NEW ORLEANS (CN) – Tropical storm Isaac is expected to smack New Orleans tonight as a hurricane, and nervous residents hope that levees fortified after Hurricane Katrina will hold.
States of emergency were declared from Louisiana to Florida, and hundreds of thousands of Gulf Coast residents continue preparing for the storm.
The National Hurricane Center predicted Isaac would make landfall near New Orleans tonight or early Wednesday as a Category 1 or 2 storm, with winds of up to 100 mph and up to 20 inches of rain.
A tropical storm must have sustained winds of 74 mph to be a hurricane. Isaac’s winds were measured at 70 mph early this morning (Tuesday).
Schools, businesses and courthouses were closed Monday from New Orleans to Florida, including Tampa, where the Republican National Convention was delayed by a day.
Government officials in New Orleans told residents to be prepared to be without water and electricity for up to several days.
A mandatory evacuation of New Orleans was not declared, as it was during Hurricane Gustav, the last hurricane to threaten the city, 4 years ago during Memorial Day weekend. But city officials urged residents to complete hurricane preparations by Monday evening.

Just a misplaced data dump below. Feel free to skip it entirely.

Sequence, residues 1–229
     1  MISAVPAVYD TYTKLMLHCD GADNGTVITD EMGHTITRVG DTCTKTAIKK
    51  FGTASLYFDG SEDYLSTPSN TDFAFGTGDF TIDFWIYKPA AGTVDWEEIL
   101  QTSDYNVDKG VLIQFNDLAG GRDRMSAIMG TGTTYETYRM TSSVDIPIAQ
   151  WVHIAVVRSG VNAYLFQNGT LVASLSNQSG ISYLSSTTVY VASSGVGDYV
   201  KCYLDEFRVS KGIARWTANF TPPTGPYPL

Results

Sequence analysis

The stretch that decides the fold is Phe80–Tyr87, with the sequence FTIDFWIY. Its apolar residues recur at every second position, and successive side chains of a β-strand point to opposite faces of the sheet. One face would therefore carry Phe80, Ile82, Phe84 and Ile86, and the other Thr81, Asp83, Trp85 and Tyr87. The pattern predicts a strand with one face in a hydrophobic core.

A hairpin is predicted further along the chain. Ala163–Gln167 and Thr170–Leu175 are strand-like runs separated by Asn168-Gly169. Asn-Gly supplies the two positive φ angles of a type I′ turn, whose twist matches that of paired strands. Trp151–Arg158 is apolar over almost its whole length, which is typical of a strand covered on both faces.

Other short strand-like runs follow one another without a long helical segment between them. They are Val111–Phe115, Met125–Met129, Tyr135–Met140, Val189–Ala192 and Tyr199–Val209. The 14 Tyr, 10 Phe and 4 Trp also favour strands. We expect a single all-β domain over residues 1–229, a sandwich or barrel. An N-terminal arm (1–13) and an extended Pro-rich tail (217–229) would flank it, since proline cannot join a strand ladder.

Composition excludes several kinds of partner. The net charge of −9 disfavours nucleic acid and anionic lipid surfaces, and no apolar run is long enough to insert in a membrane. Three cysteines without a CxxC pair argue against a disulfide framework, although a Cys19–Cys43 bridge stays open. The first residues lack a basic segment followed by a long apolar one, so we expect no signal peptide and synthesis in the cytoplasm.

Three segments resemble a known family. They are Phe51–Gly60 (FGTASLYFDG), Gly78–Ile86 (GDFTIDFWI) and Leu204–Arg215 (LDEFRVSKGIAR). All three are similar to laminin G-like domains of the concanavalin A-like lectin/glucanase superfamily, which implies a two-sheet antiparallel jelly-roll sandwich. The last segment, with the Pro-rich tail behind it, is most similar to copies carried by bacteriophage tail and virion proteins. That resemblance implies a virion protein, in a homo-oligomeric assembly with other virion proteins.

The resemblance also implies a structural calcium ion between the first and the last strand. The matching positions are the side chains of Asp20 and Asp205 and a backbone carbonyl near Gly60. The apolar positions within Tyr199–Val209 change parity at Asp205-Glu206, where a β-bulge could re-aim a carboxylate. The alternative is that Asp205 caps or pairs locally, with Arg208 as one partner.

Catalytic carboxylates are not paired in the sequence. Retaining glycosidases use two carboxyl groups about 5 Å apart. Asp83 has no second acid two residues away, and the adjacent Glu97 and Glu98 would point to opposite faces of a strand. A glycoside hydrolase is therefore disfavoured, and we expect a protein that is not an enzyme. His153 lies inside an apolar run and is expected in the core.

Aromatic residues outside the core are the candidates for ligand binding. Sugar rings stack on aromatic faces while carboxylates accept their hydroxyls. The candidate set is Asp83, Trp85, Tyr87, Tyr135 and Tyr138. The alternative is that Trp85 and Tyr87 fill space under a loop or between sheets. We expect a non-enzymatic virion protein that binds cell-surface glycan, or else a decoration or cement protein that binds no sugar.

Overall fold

Gov. Bobby Jindal on Monday afternoon asked everyone planning to evacuate to go by Monday to avoid being caught in the developing storm.
Numerous New Orleans-area gas stations ran out of gas late Sunday evening after panicked residents waited in long lines to fill their tanks.
If Hurricane Isaac makes landfall in New Orleans late this evening or early Wednesday, as predicted, it will arrive on the seventh anniversary of Hurricane Katrina.
The massive 2005 hurricane was responsible for 1,300 deaths and unprecedented flooding in New Orleans.
On Monday in Miami, all Dade County courts and clerks offices were closed, and 293,000 South Florida residents lost power; about 80,000 were still without power Monday night, Gov. Rick Scott said.
The hurricane watch for Miami and Dade County was lifted Sunday afternoon after the tropical storm’s 65 mph winds caused hundreds of flights to and from Miami International Airport to be canceled. No deaths were reported in the United States, though the storm killed 24 in Haiti and the Dominican Republic, according to The Associated Press.
Though Miami Beach declared South Beach closed, many people ventured out under dark heavy storm clouds to play in the high surf, as the wind tossed raindrops like daggers. (The photo shows Bayfront Park in downtown Miami at 5 p.m. Monday.)
Retail and restaurants closed, though in Florida fashion, many liquor stores and some independent convenience stores remained open.
South Florida got up to a foot of rain, causing some flash flooding.
Miami-Dade County courts were expected to be open today for business as usual.
(Courthouse News reporters Sabrina Canfield reported from New Orleans, and Marimer Matos from Miami.)